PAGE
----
LoopNet, CBRE launch real estate information partnership
San Francisco Commercial real estate marketplace LoopNet announced that CB Richard Ellis has signed an agreement to gain access to LoopNet’s complete suite of information services, providing CBRE with 766,000 listings being actively marketed for sale or lease on LoopNet, 7.5 million property records in LoopNet’s new Property Research Database and 1.1 million-plus RecentSales transaction comparables.
The agreement provides CBRE professionals with a single source to identify available listings and research building ownership, tenant, lender, tax and assessed values, and other data on over 7.5 million properties, and search for recently completed transactions.
Terms of the agreement were not disclosed.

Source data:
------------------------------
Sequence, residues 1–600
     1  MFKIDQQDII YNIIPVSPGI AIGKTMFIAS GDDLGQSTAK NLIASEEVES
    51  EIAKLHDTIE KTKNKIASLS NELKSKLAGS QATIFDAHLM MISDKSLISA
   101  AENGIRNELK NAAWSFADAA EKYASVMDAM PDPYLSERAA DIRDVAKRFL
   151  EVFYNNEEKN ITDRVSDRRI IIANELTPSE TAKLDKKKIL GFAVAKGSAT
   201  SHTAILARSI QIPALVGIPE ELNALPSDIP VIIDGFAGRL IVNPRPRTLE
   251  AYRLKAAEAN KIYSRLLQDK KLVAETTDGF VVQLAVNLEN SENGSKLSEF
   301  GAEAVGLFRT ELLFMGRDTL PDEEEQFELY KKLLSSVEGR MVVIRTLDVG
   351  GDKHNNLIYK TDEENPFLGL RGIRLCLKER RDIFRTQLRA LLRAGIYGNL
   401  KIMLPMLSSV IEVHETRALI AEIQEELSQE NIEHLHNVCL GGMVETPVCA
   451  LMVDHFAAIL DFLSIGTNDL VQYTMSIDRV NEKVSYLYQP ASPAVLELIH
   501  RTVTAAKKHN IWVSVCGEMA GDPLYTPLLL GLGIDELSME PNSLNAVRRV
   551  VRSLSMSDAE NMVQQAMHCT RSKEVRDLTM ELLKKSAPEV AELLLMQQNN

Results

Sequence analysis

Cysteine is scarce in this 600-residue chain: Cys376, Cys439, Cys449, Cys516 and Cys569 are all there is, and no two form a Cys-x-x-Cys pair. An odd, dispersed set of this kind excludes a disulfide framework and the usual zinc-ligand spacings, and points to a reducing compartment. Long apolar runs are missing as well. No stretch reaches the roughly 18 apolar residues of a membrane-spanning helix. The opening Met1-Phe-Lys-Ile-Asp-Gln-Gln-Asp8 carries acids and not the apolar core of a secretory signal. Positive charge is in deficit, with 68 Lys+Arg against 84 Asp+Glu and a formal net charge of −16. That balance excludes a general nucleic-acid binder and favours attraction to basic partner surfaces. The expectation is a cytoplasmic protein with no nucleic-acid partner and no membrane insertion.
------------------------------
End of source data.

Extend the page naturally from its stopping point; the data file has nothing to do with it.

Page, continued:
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Handicapping Healthcare Reform’s Impact on Retailers
The federal agencies with principle jurisdiction over the new healthcare law as it affects employers—the IRS, Department of Labor, and the Department of Health and Human Services—are busy issuing rules governing key reforms that will apply to employer-sponsored group health plans in 2011 for calendar-year plans. These reforms include further limits on pre-existing conditions among many others. For the most part, it is the state-licensed insurance carriers that will bear the brunt of complying with this first wave of new rules.